Product people are often elected to jump in and do whatever it takes to make their product successful. In addition to product I've pinch hit in UX, agile coaching, engineering management, ops, business development -- you name itRead More
The best boss I ever had trusted me with everything. He taught me everything about product culture by giving me the mission and letting me loose to figure out what was necessary for myself. John Wang went on to become CMO of HTC and Chairman of Noodoe. Thanks, John.Read More
Product culture is spreading.
The idea that making people awesome is at the center of success;
The idea that we should put all of our effort to build, test, and learn into achieving that outcome sustainably;
The idea that we need to entrust small, diverse teams with that effort and hold them accountable;
...these ideas are accelerating.Read More
Some would argue we are living in a post-Agile world. Some say SAFe and LeSS are ruining Agile. Some say it was never that great and we are outgrowing it.
Are you a strict Agile Product person? Are you a kinda-sorta Agile Product person? When do you deviate? Why?
"Roadmaps get a lot of flak. They are often blamed for unrealistic deadlines and death marches. For missing market opportunities, and for building features that are out-of-date before any code is even written," says Janna Bastow, cofounder of Mind the Product. "No Roadmap Survives Contact with Reality," is a common product refrain.Read More
Be the one who brings the light of knowledge of market needs to the organization. As a product person, that's core to your value. Shed that light on inside-out thinking and it will illuminate your roadmap to success.Read More
Steve Jobs is famous for ignoring market research, saying, “A lot of times, people don’t know what they want until you show it to them.” This perhaps oversimplifies the problem a bit but it resonates with my experience.Read More
It's often a mistake to focus on matching your competition feature-for-feature. All this does is commoditize your market. Instead, focus on creating unique value by developing solutions your competition can't easily duplicate.Read More
Influence is the superpower of good product people. Few people report to your average PM, but they have outsized impact on their organization. They provide direction on what to build to Engineering; they provide direction on target markets and messaging to Marketing; they recommend alliances and acquisitions to Business Development, etc.Read More
Premise 1: Agile was developed as a response to lack of consistent direction from business execs.
Premise 2: A good roadmap keeps your organization inspired and on course toward its destination.
That doesn't mean the two are incompatible. Yet many companies I have worked with fear mapping out a course, thinking "it's not allowed in Agile."Read More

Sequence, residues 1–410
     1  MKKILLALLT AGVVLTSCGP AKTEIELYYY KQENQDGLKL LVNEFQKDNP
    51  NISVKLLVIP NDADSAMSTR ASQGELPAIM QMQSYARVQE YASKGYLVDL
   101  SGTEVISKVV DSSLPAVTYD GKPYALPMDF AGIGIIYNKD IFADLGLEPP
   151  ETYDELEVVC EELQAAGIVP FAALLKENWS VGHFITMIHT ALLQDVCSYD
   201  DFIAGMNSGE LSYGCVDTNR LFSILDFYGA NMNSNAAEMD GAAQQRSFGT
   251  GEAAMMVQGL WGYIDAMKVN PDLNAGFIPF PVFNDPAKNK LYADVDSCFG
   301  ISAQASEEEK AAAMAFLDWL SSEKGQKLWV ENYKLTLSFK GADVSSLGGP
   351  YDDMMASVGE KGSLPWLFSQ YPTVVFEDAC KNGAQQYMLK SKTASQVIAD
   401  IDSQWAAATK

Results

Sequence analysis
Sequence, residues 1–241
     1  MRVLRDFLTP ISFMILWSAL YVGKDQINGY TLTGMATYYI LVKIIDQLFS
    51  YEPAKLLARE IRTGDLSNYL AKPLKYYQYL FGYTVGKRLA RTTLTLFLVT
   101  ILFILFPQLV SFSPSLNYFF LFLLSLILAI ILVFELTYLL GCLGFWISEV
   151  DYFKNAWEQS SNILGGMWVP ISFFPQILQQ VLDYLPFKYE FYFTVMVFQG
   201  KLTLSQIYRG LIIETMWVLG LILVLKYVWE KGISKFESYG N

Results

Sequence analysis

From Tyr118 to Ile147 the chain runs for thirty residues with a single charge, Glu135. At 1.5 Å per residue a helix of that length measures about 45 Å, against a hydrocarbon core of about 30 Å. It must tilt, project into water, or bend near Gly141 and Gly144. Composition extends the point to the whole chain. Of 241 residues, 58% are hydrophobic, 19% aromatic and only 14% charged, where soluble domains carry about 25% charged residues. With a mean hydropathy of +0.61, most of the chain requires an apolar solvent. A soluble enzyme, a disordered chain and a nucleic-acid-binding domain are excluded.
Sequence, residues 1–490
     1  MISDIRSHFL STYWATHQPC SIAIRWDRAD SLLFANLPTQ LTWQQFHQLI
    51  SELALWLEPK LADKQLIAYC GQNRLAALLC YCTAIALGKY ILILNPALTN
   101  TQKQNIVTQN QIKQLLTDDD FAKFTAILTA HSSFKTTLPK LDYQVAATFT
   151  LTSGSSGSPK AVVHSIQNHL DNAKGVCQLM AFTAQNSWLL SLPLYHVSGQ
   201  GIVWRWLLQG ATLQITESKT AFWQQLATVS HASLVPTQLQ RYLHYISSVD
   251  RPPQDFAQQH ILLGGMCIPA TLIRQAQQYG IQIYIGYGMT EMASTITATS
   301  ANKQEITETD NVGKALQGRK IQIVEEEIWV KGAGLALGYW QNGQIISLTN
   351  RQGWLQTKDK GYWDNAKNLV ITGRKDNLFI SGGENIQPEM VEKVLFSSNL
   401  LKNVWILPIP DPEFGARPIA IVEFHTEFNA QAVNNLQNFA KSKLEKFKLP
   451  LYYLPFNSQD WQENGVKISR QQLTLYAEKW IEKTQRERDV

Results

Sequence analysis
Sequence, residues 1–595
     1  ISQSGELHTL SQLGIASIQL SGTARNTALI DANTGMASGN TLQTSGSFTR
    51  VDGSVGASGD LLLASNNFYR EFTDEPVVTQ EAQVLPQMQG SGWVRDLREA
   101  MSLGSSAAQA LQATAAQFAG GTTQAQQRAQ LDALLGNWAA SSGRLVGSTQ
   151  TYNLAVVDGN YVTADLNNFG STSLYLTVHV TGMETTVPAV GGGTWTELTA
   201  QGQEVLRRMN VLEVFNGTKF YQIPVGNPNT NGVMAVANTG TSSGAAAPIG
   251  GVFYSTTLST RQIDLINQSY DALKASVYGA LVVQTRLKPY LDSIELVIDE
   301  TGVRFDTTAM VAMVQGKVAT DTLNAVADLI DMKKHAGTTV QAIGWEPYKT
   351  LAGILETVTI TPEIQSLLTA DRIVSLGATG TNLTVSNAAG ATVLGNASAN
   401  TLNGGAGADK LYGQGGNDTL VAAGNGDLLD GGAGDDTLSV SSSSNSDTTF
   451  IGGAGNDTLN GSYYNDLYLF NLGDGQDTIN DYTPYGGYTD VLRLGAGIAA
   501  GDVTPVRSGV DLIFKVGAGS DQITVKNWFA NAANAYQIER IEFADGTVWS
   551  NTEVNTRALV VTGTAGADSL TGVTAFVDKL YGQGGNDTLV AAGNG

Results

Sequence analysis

Personas deal with softer characteristics. They are often defined as representations of users that embody the qualities, feelings and preferences of groups. They are typically depicted with photos or images surrounded by descriptions and supporting attributes.Read More
This week my friends at ProductBoard published an ebook with wisdom on being a superb Product person. I wrote a chapter on Roadmaps (surprise!), entitled "Focus your Roadmaps on Outcomes, Not Outputs."Read More
A Dear John letter tells a romantic partner that they are dumped. In my roadmaps workshops we practice writing Dear Roadmap letters. We complain about all the things that are not working in our relationships: "It's time to split. We do the same thing every three months...."Read More
I’m curious: If you had to create the Superhero Product person, what attributes would you demand? Shooting lasers out of their eyes? Possibly. Leadership and communication skills? Definitely.Read More
The hardest thing about roadmaps is making it clear to people that they will change -- and that change is not failure but a considered response to evolving conditions.Read More
A roadmap conversation with a customer is an opportunity for a product person to verify their understanding of market needs before actually building the product. If you’ve done a really great job in your customer discovery, then the roadmap is merely "confirming the mutual understanding" of these needs.Read More
I hung out last week with thousands of people, most of whom had never met and will never do so again. And yet there was a clear sense of community among these people, of shared values and ways of thinking, and critically of passion for making great products that make customers happy and businesses successful.Read More
In successful product cultures, objectives change: no longer shipping on time and on budget, but solving customer problems in ways that meet the needs of your business. This change in approach puts a spotlight on the customer. How do you find out about customer needs? Get out of the building and talk to them.Read More